As Kenyans celebrate ‘Uhuru’, what kinds of freedoms are they celebrating? What freedom has Boniface been looking or fighting for since childhood? For someone who was born bounded by a colonial system that had robbed his grandparents of their freedoms and dignity, did he have a realistic chance of unbinding himself?
Considering that he had been condemned to an unstable childhood by an unequitable society and criminalised by the school system — one of the surest ways to a job and make social progress — how was Boniface ever going to become free?
In Unbounded, Boniface takes the reader through his journey of self-liberation. That journey can be described as an unwavering determination to defy the odds — for someone who spent part of his childhood gambling, he clearly knows something about placing one’s bets.
From selling religious books on the streets with his mother to working at Tusker Mattress (Tuskys today) back to selling books on street pavements, Boniface would eventually end up as a photographer, by accident.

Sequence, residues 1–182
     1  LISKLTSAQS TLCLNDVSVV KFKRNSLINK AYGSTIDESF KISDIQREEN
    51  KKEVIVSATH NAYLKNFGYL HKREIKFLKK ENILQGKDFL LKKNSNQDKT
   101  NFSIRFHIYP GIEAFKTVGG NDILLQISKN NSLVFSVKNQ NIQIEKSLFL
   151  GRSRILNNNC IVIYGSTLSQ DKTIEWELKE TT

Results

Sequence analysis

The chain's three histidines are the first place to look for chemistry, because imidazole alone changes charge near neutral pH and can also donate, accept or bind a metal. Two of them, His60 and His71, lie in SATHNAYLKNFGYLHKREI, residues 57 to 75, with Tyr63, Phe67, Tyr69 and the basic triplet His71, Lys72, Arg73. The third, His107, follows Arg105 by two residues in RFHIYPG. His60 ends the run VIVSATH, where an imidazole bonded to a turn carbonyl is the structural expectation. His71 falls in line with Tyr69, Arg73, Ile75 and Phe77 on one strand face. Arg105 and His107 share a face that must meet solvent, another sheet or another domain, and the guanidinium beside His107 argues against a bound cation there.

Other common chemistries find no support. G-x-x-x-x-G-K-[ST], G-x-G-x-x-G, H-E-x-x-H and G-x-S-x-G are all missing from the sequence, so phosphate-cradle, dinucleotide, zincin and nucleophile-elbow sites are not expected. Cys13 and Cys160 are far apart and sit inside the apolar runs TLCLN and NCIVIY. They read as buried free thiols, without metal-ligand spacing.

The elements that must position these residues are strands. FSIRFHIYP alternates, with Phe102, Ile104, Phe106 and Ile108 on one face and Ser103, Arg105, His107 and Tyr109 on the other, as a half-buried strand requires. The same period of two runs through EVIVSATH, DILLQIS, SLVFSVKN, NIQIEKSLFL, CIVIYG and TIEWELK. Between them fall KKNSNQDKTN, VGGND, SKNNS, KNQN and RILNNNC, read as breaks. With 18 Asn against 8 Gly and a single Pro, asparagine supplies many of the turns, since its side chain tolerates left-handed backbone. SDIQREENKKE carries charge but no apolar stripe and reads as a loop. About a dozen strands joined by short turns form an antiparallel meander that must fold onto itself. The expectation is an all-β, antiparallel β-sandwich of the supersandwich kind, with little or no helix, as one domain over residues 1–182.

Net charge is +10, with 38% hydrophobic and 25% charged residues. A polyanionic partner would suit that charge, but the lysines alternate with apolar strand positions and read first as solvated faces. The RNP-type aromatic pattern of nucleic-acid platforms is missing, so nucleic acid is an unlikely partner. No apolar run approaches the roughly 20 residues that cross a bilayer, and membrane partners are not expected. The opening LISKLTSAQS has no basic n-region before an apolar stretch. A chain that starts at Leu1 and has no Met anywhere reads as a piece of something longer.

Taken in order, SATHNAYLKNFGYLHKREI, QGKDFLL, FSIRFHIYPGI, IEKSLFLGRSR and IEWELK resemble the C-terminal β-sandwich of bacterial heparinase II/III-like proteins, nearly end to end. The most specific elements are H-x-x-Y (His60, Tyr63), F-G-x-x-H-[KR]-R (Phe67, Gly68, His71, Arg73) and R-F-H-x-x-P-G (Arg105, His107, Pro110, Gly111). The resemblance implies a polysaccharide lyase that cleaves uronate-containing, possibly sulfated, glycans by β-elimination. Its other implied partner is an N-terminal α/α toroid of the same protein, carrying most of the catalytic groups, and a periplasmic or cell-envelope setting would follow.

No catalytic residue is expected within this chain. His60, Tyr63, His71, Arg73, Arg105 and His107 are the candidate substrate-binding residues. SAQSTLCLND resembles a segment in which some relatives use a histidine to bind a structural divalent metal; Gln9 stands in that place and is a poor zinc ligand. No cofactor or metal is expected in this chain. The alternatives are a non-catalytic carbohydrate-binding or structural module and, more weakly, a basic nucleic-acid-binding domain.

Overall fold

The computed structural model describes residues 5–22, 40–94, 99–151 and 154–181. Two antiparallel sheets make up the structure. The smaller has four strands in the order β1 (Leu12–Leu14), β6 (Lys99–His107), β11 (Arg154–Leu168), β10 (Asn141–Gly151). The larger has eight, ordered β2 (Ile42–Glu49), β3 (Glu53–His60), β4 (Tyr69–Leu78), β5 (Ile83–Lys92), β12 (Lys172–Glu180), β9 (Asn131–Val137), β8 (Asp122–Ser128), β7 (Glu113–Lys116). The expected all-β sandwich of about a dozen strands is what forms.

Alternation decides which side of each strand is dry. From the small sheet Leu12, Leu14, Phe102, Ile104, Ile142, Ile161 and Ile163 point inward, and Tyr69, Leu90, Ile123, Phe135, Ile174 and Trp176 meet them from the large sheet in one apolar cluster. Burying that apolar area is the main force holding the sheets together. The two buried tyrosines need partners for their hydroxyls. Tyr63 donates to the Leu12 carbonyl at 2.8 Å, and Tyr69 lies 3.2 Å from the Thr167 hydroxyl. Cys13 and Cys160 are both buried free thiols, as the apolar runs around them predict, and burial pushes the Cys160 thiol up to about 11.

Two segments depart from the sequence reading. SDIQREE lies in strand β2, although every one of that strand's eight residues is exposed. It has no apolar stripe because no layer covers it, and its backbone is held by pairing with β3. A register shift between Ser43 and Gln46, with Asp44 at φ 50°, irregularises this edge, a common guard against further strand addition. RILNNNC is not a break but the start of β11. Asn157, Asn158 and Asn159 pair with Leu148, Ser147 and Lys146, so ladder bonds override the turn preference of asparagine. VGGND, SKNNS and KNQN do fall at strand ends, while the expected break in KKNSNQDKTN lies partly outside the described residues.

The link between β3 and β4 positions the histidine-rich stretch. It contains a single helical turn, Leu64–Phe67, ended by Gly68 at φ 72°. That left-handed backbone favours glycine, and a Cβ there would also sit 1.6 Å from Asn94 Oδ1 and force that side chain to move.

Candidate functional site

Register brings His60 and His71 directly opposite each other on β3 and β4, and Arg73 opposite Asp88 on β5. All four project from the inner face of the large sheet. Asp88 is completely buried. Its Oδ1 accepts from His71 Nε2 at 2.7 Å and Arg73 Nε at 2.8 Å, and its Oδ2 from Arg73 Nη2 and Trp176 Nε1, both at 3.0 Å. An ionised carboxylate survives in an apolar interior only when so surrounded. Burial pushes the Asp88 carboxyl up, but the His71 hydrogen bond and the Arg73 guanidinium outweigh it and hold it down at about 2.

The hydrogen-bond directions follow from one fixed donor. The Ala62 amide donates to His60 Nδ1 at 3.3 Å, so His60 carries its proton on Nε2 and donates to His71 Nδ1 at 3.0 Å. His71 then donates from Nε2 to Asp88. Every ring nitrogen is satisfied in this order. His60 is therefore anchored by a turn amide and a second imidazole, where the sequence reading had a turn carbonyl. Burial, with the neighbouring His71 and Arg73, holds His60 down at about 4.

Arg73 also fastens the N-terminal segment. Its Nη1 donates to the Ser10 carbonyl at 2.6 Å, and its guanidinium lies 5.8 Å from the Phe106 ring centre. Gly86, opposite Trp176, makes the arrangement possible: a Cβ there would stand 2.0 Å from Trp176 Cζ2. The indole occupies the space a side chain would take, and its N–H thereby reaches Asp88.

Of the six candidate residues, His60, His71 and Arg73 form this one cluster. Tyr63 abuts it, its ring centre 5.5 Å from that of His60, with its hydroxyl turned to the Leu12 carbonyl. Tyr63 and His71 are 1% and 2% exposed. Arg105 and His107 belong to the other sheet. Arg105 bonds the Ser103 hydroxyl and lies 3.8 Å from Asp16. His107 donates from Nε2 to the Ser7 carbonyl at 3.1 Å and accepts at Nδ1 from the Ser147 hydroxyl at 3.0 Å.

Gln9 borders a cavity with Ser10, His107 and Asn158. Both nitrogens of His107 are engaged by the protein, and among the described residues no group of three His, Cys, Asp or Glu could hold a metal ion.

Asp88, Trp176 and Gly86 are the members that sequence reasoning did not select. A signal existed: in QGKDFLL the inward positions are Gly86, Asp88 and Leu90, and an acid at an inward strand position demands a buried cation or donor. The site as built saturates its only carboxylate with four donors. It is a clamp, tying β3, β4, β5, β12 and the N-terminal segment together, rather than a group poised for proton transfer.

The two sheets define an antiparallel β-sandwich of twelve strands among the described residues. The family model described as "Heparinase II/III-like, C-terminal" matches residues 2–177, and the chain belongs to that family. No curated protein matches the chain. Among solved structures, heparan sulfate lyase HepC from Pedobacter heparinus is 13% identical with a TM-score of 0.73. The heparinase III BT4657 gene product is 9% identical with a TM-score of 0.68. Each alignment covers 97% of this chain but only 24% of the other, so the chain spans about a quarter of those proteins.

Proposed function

He would later on work for The Standard newspaper. It seems that in capturing moments in the life or humanity, and recording history through the lens of a camera Boniface found the freedom he had been searching for all along.
For it is his camera work that propelled him into the public limelight when he won the CNN Photojournalist of the year Award in 2008 and 2010.
There are many other awards that Boniface had received, not just for shooting pictures but for his activism as well as his contribution to the arts and culture.
PAWA254, an institution he founded, is today a defining space for public conversations on subjects of national, regional and even continental interest, be they on politics, economics, arts, culture, justice, rights etc.
Yet with all such achievement at such a young age, Boniface remains humble and ever smiling and committed to the ideals of justice, freedom, equality, equity and humanness.
The story of Unbounded is one worth sharing at this time of the year when resolutions of the passing year and revisited and new ones made and resolve to steadfastly look for means to unbind ourselves from the shackles that have condemned this country to underdevelopment.
The writer teaches literature at the University of Nairobi. [email protected]